Monday, October 31, 2005

Sacramento Bee: Young Bears were forced to grow up fast on field

Cal's future looks bright, as the underclassmen have performed well in key roles.

By Ryan Lillis

BERKELEY - The future of Cal football isn't just riding on the feet of tailback Marshawn Lynch, although that's a big part of it.  It's also in the hands of wideouts Robert Jordan and DeSean Jackson, on the shoulders of linebacker Anthony Felder and with the dozen or so other players on this Bears team who are sophomores or younger and have seen considerable playing time. After losing 13 starters from last season, No. 23 Cal has arguably the most talented young crop in the Pacific-10 Conference, a notion that has some around Strawberry Canyon already looking forward to next year. "Not to look past the rest of this year, but we're already trying to get things going in a positive direction for next season," said Jordan, a sophomore who is second on the team with 24 catches for 375 yards. "We're returning almost everyone."  As Cal (6-2, 3-2) has seen a 5-0 start transform into a fight for a bowl berth, the underclassmen have been asked to carry a big part of the load. Seven of the Bears' top eight receivers should return next season, as should their three top running backs and three quarterbacks.  The only other team in the conference that won't lose its top three receivers, top running back and starting quarterback to graduation is Washington. "I've been very impressed with how we've jelled for such a young group," coach Jeff Tedford said. "The goal is that you're able to build camaraderie so they hold more of an investment in the program." To Lynch, a sophomore who is averaging 108.8 yards rushing a game, Cal's youth is exactly the reason why the team gets along so well. "We're all young and we can all communicate the same way," he said. "It's easier for me to explain something to a freshman than it is an older guy." With Lynch and sophomore Justin Forsett, Cal is the only team in the nation with two running backs averaging more than 100 yards a game. While Lynch was nursing a broken left pinky earlier in the year, Forsett stepped in, rushing for 422 yards in the two games Lynch missed.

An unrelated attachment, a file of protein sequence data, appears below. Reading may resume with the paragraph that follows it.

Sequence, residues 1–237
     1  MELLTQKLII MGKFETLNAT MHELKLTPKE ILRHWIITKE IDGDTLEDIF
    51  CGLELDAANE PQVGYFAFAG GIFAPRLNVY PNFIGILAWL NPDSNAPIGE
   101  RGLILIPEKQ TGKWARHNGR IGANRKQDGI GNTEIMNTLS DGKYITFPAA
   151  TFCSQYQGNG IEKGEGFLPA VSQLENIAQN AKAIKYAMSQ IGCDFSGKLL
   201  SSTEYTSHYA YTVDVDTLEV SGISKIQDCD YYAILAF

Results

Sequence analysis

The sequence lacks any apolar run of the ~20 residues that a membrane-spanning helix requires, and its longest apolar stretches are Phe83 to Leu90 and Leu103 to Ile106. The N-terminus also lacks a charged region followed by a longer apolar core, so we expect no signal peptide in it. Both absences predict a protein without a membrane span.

And while Lynch is getting healthier each week and is expected to see his workload increase starting with Saturday's vital matchup at No. 15 Oregon, Forsett will still be asked to carry the ball around 10 times a game, Tedford said. "We probably have more younger guys contributing on a consistent basis this year than we have in the past," Tedford said. In a season in which six offensive opening-day starters have missed playing time due to injury, Tedford has had to dig deep into his roster, pulling out guys like redshirt freshman LaReylle Cunningham. After Jackson, a freshman and Cal's leading receiver, went down with a shoulder injury, Cunningham was thrown into his first collegiate start Oct. 22 against Washington State.

He responded with a 57-yard touchdown reception that keyed a fourth-quarter comeback in a 42-38 Cal victory. "Having that depth has been the biggest thing for this team," said senior center Marvin Philip, a Cameron Park product. "These guys are young and enthusiastic and it's been such a huge thing." And the offense isn't the only place where young players are making a difference. A defensive unit that leads the Pac-10 in scoring average and is second in yards allowed will lose only safety Harrison Smith and rover Donnie McCleskey to graduation. "Unless someone told you who was a freshman or who was a sophomore on this team, you'd never know by watching them play," said Felder, a true freshman. For all the positives that come with having a young roster, however, there can be just as many negatives. Cal's two losses have been by a combined 10 points, both times the Bears failing to hold fourth-quarter leads. "I feel like if we were an older team, we would have been able to overcome those two losses," Jordan said. "With experience, things like that won't happen. We've had our growing pains. Everyone does." The Bears must put Jordan's visions of next season on hold and finish strong, however. They have a tough road ahead, as they face Oregon, top-ranked USC and Stanford. "We have a good young team and they're getting better," Tedford said. "The game preparation, the practice habits, all these things improve, and each week it gives them one more game of experience."